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Posts Tagged ‘Jo Dipietro’

This chamber musical is a new spin on the love triangle. When advertising executive Tom and his wife Lucy, both unfaithful, split over Lucy’s affair with a bohemian artist things take an extraordinary turn. Tom at first stalks the artist, then becomes his flat-mate, then his friend. To say more would be to spoil the fun; suffice to say it turns full circle in a rather satisfying if implausible way – well, it is a musical, after all.

Jimmy Roberts’ score is somewhat Sondheimesque and for me (this may sound odd) has a little too much music, which makes it feel a bit ‘stuffed’; this isn’t at the expense of narrative or character development though and there are some nice songs. The good book and sharp witty lyrics are by Joe DiPietro, who wrote the very funny book for Nice Work If You Can Get It, which I saw last month in new York. It’s perhaps overly slick in that way American shows often can be to British sensibilities, but even so there’s a satisfying roundness to it all.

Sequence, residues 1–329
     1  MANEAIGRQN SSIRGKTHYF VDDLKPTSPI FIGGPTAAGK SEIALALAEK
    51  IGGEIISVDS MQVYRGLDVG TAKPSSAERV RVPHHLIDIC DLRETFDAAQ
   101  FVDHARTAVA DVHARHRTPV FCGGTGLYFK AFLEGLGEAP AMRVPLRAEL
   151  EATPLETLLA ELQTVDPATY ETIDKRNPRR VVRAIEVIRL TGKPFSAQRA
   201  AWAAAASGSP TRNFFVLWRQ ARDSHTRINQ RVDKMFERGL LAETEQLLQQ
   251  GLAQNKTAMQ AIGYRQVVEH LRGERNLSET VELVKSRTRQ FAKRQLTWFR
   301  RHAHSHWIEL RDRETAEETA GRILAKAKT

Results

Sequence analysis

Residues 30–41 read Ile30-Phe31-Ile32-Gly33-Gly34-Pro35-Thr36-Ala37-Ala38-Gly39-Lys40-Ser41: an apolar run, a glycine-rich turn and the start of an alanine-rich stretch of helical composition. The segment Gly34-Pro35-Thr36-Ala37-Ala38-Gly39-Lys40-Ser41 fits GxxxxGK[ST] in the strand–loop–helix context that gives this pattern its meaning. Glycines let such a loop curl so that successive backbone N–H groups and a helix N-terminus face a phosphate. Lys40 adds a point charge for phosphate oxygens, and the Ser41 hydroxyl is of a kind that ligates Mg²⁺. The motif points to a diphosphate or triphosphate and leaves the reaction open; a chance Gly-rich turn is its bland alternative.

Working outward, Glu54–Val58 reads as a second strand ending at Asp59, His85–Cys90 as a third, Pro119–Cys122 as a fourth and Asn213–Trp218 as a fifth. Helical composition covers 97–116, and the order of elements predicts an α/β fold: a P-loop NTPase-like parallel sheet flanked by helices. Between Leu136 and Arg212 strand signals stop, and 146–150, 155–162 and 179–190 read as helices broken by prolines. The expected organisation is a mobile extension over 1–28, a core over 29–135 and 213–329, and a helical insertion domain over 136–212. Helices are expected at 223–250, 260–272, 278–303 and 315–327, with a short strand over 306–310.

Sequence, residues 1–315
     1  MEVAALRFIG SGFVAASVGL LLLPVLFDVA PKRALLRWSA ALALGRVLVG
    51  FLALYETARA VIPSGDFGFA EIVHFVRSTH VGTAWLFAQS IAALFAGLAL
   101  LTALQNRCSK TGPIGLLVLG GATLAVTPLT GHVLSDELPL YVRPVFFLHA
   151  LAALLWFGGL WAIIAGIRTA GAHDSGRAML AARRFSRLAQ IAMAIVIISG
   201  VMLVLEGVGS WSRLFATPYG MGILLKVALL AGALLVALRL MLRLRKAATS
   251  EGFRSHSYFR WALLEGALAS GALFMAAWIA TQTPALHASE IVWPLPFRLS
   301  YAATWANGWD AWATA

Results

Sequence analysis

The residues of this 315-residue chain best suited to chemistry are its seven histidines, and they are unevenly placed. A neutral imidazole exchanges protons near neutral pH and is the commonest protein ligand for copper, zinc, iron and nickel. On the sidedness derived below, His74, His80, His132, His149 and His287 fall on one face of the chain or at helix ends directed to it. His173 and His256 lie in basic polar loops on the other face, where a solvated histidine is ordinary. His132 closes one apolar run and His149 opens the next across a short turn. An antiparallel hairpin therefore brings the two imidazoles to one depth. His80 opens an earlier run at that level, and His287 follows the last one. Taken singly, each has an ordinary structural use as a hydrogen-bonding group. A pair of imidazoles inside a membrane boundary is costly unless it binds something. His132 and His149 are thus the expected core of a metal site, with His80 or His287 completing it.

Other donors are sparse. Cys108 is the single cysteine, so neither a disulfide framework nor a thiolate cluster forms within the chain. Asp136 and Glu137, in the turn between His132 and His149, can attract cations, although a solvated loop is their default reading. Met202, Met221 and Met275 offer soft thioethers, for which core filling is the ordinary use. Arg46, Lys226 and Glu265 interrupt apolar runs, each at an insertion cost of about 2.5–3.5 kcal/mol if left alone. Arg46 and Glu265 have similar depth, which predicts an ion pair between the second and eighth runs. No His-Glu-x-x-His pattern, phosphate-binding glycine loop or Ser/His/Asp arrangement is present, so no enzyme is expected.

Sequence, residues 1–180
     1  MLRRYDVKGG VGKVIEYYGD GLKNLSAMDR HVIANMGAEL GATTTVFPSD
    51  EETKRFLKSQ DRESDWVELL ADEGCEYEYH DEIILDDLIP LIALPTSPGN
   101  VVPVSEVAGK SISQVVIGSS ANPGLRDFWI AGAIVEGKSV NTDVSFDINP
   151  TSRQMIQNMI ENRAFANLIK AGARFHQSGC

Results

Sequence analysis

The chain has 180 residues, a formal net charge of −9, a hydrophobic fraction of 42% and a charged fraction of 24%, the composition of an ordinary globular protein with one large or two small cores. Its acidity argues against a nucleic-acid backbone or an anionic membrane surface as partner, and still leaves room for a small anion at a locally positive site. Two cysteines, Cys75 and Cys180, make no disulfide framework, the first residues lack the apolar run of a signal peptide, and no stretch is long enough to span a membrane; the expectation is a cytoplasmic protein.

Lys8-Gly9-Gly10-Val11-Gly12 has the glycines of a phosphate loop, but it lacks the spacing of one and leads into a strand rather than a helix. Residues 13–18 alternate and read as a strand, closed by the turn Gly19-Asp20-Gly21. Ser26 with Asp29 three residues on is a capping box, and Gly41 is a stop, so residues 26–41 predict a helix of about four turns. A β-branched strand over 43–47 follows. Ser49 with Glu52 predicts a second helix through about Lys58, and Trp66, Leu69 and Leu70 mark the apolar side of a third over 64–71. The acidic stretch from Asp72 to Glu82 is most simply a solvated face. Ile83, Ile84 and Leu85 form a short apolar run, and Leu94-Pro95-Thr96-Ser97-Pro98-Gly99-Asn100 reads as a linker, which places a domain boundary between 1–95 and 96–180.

Andrew Keates excellent staging, on a functional but elegant set by Martin Thomas, has its tongue in its cheek. It zips along and characters sometimes appear to come from nowhere. The chorus of two, who play all 24 other roles, is a great device and in the hands of Steven Webb and Lucyelle Cliffe, is far from a supporting feature. Webb in particular relishes every cameo and many of these were the highlight of the evening, most particularly his one-man double-act as both the French maitre ‘d and American server in a poncy restaurant.

Peter Gerald is very good as an arrogant philandering ad man who becomes more humble, even nice,  as the story unfolds. Kate Graham was in particularly fine voice as lovestruck but-not-as-innocent-as-she-seems Lucy. John Addison’s opposite journey from laid back bohemian to sold-out for love was well played. There’s a lovely three-piece band (piano, cello and reeds) who’s gentle playing enable you to hear every word without the harshness of amplification.

This is a fun evening – a clever show expertly staged and performed; something we’re getting used to at the Landor.

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